Mobile Learning


Mobile learning (mLearning) is accessing digital and online learning resources through devices such as smartphones and tablets. The COVID-19 pandemic has increased our awareness of the reliance on mobile devices for learning and access to important information. Public libraries are well-positioned to expand the public’s access to mLearning by:

  • introducing adults to high-quality mobile apps and learning resources
  • offering support in navigating and using mobile apps and resources
  • promoting mobile learning

Resources that can be considered for mobile learning include:

  • videos
  • learning apps
  • online courses
  • audio files such as podcasts
  • library- curated resources (relevant materials that have been vetted for content and quality and linked in a document, website, etc.)

Selecting High-Quality and Mobile-Friendly Resources
High quality learning resources have features of good pedagogical practice such as: 

  • content delivered through diverse media (text, video, audio, graphics, etc.) in order to offer different learning modalities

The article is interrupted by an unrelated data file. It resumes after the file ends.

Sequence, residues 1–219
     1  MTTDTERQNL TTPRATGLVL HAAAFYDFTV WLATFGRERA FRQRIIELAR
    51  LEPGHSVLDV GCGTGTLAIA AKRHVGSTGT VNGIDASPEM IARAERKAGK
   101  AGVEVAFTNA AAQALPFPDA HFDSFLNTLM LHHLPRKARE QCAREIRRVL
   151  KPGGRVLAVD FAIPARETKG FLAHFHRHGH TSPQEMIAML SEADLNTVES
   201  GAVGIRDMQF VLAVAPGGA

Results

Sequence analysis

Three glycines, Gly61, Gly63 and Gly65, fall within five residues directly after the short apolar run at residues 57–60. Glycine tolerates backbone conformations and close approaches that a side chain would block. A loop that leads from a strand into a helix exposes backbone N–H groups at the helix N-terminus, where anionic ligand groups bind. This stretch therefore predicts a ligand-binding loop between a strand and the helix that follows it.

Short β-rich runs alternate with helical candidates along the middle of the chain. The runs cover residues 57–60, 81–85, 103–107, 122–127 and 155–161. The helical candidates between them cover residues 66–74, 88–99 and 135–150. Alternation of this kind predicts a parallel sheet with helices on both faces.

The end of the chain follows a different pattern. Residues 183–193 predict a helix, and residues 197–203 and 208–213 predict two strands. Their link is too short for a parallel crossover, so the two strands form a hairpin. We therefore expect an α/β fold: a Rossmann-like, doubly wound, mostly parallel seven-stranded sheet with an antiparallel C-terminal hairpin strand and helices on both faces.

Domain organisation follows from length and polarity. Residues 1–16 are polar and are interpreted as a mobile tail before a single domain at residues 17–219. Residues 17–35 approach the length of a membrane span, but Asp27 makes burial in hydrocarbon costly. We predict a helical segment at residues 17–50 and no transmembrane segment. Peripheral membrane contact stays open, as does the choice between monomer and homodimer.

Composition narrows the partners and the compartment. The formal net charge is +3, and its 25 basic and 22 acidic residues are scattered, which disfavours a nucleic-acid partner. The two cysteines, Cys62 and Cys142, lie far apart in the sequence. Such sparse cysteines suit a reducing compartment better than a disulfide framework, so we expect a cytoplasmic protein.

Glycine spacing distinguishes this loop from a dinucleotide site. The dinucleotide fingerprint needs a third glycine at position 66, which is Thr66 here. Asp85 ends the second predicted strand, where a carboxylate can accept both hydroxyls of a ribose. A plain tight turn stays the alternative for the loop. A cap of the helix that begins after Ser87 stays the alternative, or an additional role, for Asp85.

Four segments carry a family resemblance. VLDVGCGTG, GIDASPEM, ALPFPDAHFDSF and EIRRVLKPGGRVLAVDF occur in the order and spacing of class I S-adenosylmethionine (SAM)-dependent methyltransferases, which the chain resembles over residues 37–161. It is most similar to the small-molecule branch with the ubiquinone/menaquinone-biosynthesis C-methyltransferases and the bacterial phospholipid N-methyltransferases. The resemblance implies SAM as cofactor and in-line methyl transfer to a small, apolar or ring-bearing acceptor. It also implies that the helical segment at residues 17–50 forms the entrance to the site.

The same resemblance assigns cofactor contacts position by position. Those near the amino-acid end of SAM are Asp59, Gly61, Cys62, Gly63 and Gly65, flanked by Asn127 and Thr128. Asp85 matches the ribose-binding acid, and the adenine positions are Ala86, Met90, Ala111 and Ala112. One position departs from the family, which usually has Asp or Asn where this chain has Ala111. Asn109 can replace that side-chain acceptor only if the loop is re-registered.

• user interaction to engage learners and give them opportunities to apply learning
  • a means of assessment and feedback so learners can monitor their progress and set goals 

Learning resources that are mobile-friendly are created with what is referred to as a responsive design. Responsive design ensures the content is accessible on different sized screens.  

Approaches to Implementing Mobile Learning in Libraries

There are different approaches to introducing mobile learning to adults. One approach is to vet resources for their usability on a mobile device. Many patrons now rely on devices to access learning materials. Since not all resources are conducive to learning on a small screen, library staff can play an important role in steering patrons to high-quality digital resources that are accessible on mobile devices.

Another approach is promoting one or more mobile learning apps that target a specific skill. For example, your library may want to offer access to a library subscription for adults learning English, or you might promote a mobile app that targets math skills to supplement a GED class or financial literacy program.

And there are other ways to consider implementing mobile learning. In the video below, you’ll learn how two libraries, D.C. Public Library and Providence Public Library, approached mobile learning and what they learned along the way.

Certain basic conditions for success need to be in place to support the effective implementation of Mobile Learning.  After considering the elements below, you can use this Self-Assessment tool to reflect on your current capacity and determine which elements are strong or need strengthening.

Conditions for Success

Implementation Examples

Click on the images below to learn how each library implemented Mobile Learning.

Mobile Learning Q&A